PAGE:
An accomplished painter of both portraits and landscape, she also worked in applied and decorative arts, painting on any type of surface she had at hand including inn signs, tiles and furniture. She also decorated pottery. Carrington designed the library at Ham Spray.

In 1970 David Garnett published a selection of letters and extracts from her diary, since which time critical and popular appreciation of her work has risen sharply.[6] In 1978, Sir John Rothenstein, for nearly 30 years Director of the Tate Gallery, London, called Dora Carrington "the most neglected serious painter of her time." [7] "That is no longer the case. In 1995, she was the subject of a major retrospective exhibition at the Barbican Art Gallery in London."[8] Two of her works are in the Tate Gallery London.[9]

Carrington's relationship with Lytton Strachey

Carrington's portrait of Strachey, 1916

For many years, Carrington’s art was neglected by the public and her main notoriety was due to her relationship with Lytton Strachey. On the day she agreed to marry Partridge she wrote to Strachey, who was in Italy, what has been described as "one of the most moving love letters in the English language.[10] She wrote "... I cried last night Lytton, whilst he slept by my side sleeping happily — I cried to think of a savage cynical fate which had made it impossible for my love ever to be used by you ...". Strachey wrote back "... you do know very well that I love you as something more than a friend, you angelic creature, whose goodnesss to me has made me happy for years, and whose presence in my life has been and always will be, one of the most important things in my life ...".[11] On his deathbed, Strachey said, "I always wanted to marry Carrington and I never did." His biographer calls this sentiment "not true; but he could not have said anything more deeply consoling".[12] Upon his death, Strachey left Carrington £10,000 (the equivalent of £240,000 in 1994).[13]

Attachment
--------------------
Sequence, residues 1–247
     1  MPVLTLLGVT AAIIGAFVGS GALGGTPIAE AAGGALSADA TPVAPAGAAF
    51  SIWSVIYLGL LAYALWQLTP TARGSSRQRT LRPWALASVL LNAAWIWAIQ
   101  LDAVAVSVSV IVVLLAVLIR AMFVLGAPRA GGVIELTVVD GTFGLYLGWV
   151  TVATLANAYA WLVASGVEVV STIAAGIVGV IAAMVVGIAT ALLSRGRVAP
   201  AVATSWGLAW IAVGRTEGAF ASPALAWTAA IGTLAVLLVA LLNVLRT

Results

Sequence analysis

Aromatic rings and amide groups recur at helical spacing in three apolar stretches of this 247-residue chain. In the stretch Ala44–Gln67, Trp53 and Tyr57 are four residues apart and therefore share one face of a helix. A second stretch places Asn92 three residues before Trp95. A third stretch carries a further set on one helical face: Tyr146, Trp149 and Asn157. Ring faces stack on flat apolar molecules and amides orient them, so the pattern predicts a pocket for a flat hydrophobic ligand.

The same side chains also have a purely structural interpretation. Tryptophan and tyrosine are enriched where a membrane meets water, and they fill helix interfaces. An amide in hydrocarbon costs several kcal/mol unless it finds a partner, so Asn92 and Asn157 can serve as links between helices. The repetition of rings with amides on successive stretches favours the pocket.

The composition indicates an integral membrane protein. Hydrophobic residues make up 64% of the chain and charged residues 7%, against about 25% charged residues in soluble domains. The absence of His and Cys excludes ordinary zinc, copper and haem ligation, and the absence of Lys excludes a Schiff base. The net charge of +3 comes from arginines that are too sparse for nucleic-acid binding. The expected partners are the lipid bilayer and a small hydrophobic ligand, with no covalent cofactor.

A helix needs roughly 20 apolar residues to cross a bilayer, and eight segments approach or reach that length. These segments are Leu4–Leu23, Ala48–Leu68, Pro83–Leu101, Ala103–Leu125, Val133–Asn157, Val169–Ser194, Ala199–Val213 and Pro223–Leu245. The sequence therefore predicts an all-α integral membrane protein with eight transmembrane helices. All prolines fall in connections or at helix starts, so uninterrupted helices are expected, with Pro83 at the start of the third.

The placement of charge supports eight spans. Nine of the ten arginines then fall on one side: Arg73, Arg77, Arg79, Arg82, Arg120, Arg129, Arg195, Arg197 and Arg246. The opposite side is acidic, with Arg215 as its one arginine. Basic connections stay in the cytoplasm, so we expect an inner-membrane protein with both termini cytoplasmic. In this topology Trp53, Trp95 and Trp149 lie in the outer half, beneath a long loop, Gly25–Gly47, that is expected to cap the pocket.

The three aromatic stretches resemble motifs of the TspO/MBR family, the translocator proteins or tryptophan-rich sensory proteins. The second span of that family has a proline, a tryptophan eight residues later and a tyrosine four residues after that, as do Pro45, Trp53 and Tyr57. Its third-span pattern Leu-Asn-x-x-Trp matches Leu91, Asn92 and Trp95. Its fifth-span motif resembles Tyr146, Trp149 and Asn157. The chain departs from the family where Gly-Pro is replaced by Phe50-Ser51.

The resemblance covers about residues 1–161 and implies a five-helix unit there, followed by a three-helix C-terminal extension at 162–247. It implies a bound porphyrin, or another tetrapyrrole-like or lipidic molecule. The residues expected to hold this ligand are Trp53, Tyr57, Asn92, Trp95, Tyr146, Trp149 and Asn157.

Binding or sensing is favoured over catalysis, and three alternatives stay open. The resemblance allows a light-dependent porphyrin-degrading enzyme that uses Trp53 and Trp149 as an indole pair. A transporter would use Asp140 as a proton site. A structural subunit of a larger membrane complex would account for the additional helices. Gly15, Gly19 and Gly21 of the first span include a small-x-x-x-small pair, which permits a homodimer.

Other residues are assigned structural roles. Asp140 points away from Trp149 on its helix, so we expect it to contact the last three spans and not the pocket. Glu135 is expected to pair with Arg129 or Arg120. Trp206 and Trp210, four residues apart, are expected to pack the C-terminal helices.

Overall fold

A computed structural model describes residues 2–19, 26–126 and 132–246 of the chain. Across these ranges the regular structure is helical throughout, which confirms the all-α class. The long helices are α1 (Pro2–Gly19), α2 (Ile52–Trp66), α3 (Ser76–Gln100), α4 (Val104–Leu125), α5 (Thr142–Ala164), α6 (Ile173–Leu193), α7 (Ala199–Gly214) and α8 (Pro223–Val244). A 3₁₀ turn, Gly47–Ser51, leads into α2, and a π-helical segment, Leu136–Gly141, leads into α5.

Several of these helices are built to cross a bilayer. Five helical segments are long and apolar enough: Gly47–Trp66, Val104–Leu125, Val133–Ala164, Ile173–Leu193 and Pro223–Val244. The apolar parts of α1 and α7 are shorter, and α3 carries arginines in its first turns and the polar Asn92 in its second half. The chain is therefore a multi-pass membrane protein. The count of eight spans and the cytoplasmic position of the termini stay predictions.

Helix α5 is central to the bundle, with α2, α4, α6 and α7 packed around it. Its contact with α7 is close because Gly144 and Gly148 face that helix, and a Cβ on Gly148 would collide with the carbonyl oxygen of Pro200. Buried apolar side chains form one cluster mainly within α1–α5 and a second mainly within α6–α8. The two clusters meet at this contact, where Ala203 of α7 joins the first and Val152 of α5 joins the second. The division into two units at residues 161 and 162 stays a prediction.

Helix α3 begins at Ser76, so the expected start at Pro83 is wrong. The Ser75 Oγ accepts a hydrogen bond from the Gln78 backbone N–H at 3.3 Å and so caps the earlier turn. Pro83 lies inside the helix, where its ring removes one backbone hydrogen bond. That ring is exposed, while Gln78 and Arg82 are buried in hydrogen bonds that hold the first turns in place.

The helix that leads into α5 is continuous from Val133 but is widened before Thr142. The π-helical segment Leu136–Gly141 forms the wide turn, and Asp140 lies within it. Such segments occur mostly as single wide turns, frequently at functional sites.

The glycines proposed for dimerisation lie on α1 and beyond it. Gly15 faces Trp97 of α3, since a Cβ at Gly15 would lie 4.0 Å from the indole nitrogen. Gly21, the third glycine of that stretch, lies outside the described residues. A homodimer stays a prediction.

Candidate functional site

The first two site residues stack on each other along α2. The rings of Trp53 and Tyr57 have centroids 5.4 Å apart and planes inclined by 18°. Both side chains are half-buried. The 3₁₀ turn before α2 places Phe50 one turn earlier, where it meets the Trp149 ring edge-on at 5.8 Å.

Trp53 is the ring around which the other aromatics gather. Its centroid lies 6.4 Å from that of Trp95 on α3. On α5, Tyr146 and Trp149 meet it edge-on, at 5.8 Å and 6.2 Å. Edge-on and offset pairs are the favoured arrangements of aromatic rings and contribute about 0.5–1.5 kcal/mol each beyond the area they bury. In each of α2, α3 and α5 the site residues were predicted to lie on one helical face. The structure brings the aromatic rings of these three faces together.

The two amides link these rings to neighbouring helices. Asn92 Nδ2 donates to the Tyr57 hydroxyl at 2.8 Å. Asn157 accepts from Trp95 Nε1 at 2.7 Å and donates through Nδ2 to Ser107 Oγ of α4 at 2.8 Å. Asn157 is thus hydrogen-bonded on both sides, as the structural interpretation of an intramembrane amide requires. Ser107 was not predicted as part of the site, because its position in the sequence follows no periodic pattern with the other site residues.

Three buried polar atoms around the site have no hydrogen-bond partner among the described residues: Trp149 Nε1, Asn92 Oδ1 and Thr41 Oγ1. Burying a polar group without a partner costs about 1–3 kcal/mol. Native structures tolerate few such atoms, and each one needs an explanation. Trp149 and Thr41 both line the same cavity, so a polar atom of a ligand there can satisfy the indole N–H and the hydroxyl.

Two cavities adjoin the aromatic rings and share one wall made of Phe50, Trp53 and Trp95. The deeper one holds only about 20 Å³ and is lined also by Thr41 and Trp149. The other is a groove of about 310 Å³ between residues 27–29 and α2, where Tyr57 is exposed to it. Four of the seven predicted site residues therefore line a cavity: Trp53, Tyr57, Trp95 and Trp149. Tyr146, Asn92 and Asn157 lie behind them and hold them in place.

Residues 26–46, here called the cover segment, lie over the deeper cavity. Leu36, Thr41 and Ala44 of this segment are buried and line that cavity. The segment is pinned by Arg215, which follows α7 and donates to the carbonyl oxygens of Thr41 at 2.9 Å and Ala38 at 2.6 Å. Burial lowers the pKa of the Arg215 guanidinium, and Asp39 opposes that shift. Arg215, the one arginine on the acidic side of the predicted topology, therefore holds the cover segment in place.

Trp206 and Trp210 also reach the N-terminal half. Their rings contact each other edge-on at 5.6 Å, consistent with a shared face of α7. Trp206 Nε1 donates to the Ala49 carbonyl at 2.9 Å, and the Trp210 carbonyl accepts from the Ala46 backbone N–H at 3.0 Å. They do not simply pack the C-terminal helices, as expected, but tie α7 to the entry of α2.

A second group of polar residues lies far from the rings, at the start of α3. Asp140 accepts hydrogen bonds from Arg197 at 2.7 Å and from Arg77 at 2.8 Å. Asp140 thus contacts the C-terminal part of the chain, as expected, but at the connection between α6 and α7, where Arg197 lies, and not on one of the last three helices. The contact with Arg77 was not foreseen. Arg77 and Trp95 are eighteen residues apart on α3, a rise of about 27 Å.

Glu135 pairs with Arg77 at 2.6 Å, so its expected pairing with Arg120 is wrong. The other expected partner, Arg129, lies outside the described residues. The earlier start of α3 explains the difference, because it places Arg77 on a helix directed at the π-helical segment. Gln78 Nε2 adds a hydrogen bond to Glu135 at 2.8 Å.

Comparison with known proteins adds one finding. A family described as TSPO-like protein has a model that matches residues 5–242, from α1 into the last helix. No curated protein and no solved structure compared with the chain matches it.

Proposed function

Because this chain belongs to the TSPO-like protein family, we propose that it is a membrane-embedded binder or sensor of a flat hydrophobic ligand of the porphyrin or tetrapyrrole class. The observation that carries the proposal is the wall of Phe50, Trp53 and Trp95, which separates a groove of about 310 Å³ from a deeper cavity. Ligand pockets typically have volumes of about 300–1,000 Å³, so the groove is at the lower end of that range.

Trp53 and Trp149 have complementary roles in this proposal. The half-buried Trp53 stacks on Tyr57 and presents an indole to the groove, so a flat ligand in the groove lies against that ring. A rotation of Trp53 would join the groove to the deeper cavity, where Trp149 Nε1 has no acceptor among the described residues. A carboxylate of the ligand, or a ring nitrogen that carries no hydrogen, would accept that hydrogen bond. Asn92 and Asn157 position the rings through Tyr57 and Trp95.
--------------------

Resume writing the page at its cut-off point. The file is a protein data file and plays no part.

See also


  • Gerzina, Gretchen Holbrook (1989). Carrington: A Life. New York, W.W. Norton & Co..
  • Haycock, David Boyd (2009). A Crisis of Brilliance: Five Young British Artists and the Great War. London, Old Street Publishing. ISBN 978-1-905847-84-6.
  • Hill, Jane (1994). The Art of Dora Carrington. London, The Herbert Press Ltd.


  1. ^ Ann Olivier Bell (ed.) (1977), The Diary of Virginia Woolf, Vol. I: 1915—1919 (London: The Hogarth Press), page 153.
  2. ^ "Lytton Strachey--The New Biography" by Michael Holroyd, 1994, p.485
  3. ^ "Carrington--A Life" by Gretchen Holbrook Gerzina, 1989, p. 299.
  4. ^ Haycock, A Crisis of Brilliance, p. 313
  5. ^
  6. ^ "Carrington--A Life" by Gretchen Holbrook Gerzina, 1989, Introduction p. xv.
  7. ^ Noel Carrington, Carrington Paintings, Drawings, and Decorations [1978], p. 14
  8. ^ [1]
  9. ^ [2]
  10. ^ French, Sean. "For consenting adults: 'Lytton Strachey: The New Biography' - Michael Holroyd". The Independent. Retrieved 15 February 2011. 
  11. ^ "Lytton Strachey--The New Biography" by Michael Holroyd, 1994, p.486-487
  12. ^ "Lytton Strachey--The New Biography" by Michael Holroyd, 1994, p.678
  13. ^ "Lytton Strachey--The New Biography" by Michael Holroyd, 1994, pp.686, 531.

External links